For about six minutes in the first half, the Sounders, tied at 2, could say they were hanging with one of the best clubs in the world. Sorta.
The second half was an altogether different emotion — pure sentiment, as the crowd of 53,309 said farewell to retiring Roger Levesque and offered another hello to recovering Steve Zakuani.
Chelsea FC predictably won the friendly, 4-2. And Levesque, fittingly for the unconventional guy in the weird beard, did something odd.
He got in the way of his own team. And laughed about it immediately.
In the final moments, teammate Andy Rose had a clear shot with a header. But the ball glanced off Levesque and bounded harmlessly outside the near post.
Levesque, 31, needed no further evidence for the worthiness of his decision to retire and go to grad school at the University of Washington.
“Right about the time I blocked Andy’s header, kept it from going in, I was a little bit too old to get out of the way,” Levesque said, laughing. “I thought it was maybe the right time to hang ’em up.”
The goal would have meant nothing, but the inadvertent clank nevertheless created an indelible final moment for a guy who was never a star and never far from the hearts of Sounders fans.
“It’s a bittersweet evening,” said Adrian Hanauer, the Sounders GM and part-owner. “It was a celebration of soccer, yet it was sad to lose such an amazing part of the Sounders family. To not see his smiling face every day at training is going to be hard.”
Levesque attributed his popularity to merely having survived in the same place for nine years, including the last several in Seattle as part of the Major League Soccer iteration of the Sounders. The profession is always moving players up, down and overseas, particularly players like Levesque, overachievers who get by on guile instead of quicks.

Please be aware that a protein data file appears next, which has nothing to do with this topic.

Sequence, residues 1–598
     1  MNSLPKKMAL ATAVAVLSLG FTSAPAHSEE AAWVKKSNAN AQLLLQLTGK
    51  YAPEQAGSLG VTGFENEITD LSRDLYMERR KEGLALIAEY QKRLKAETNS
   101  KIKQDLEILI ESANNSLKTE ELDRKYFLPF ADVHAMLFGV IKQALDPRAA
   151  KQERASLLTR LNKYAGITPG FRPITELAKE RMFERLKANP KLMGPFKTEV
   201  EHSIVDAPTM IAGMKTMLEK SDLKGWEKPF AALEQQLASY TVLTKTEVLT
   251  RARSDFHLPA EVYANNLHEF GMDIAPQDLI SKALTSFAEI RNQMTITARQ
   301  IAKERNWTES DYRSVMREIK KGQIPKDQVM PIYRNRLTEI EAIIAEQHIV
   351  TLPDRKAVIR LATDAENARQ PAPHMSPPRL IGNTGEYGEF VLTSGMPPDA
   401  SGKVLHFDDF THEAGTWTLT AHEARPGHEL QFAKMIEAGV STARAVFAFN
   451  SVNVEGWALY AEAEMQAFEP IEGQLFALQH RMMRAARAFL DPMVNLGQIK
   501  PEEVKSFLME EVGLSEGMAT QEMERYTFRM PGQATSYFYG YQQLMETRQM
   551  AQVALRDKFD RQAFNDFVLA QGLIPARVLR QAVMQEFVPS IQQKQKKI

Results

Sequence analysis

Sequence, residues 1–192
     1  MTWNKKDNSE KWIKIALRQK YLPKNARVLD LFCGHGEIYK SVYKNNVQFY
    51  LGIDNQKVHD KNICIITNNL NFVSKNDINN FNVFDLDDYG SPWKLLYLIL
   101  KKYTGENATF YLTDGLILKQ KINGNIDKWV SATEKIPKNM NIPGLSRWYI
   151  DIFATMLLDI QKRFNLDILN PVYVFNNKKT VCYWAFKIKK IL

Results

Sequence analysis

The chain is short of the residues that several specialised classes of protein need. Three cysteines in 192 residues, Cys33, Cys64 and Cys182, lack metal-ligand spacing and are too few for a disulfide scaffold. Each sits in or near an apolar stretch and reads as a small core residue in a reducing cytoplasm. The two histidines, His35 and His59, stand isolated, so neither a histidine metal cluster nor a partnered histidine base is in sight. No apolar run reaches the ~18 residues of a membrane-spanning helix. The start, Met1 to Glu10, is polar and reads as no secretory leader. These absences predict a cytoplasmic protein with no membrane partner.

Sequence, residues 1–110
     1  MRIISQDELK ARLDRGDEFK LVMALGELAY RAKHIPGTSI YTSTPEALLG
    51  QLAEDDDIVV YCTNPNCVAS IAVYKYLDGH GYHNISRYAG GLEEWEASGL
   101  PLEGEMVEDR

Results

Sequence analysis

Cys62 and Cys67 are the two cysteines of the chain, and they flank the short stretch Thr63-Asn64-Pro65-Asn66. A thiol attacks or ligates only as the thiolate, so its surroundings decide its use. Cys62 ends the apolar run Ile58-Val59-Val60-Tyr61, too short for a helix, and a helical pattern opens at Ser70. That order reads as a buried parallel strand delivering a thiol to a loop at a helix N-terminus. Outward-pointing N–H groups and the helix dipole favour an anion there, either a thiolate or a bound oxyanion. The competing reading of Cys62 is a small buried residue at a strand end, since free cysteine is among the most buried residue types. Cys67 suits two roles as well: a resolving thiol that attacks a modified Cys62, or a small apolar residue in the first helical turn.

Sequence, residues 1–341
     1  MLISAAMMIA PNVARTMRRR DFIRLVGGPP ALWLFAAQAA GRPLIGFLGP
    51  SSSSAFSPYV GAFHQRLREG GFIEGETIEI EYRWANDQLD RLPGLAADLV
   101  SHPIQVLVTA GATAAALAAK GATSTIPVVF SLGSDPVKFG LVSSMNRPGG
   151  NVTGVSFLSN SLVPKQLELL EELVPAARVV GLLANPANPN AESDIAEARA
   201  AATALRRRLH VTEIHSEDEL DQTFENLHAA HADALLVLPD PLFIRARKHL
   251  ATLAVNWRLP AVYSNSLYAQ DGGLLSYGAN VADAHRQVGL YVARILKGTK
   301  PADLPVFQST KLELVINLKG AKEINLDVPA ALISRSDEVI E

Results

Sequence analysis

But perseverance is its own reward. That was plain when, replacing Eddie Johnson, he entered the game in the 66th minute to a huge, sustained ovation. Thousands of fans held up printed placards with the same message: “Farewell Roger.” The Emerald City Supporters in the south end zone again displayed their witty artistry: They held large signs bearing no words, just a stylized, face-free image of Levesque’s trademark mustache and long, tousled hair, all in black.
Well played, all around.
So, for awhile, was the game. The first 11 minutes looked to be a disastrous repeat of the 7-0 whipping one year ago by Manchester United, when striker Romelu Lukaku and midfielder Eden Hazard made it for nine consecutive unanswered goals by the big boys from England.
But just when eyes had finished rolling, Fredy Montero responded in the 14th minute by stealing a poor clearance by Chelsea’s Josh McEachran and turning around at the top of the box to push a grounder into the net just beyond the reach of goalie Henrique Hilario.
Montero struck again in the 32nd minute, controlling a long, high cross from Mauro Rosales and punching it in from distance. The inevitable rout turned into a contest for the next little while. But the bigger, quicker, faster Blues, in their first exhibition since winning the European club championship May 19, restored order in the final five minutes of the first half with another goal by Lukaku, a tall, swift striker from Belgium, and Marko Marin, who scored off a redirection off Jeff Parke.
Good as was Chelsea, they were playing without a number of key players. Superstar Didier Drogba departed the club to play in Shanghai, captain and chief bad boy John Terry didn’t make the trip to Seattle, star goalie Petr Cech sat out, and much honored Frank Lampard played only in the second half.
As for the Sounders, Montero, who has struggled to score this season, was certainly happy enough to score, but said, “I wish those goals came in MLS.”
But that brought up some questions about his future, such as whether he imagined he might have a future in the EPL.
Yes, I would love to play there,” he said. “Im waiting for the right opportunity to come. Im ready to play in one of those leagues, I think so.
Asked why he thought he could cut it, he said, Well, because MLS is a league where we have something similar with Premier League. You always have tough defensive players and obviously every single day when you are in training, you know the tactics, you know the speed of the game, and I think thats the same in the Premier League.
Sounders coach Sigi Schmid said he would expect all players to aspire to the heights, and took no offense to Montero’s ambitions.
Good as he was Wednesday, he has a ways to go. Just as does the MLS. But everyone knows that, and each passing year comes the chance with these international friendlies to see if the gap closes a little.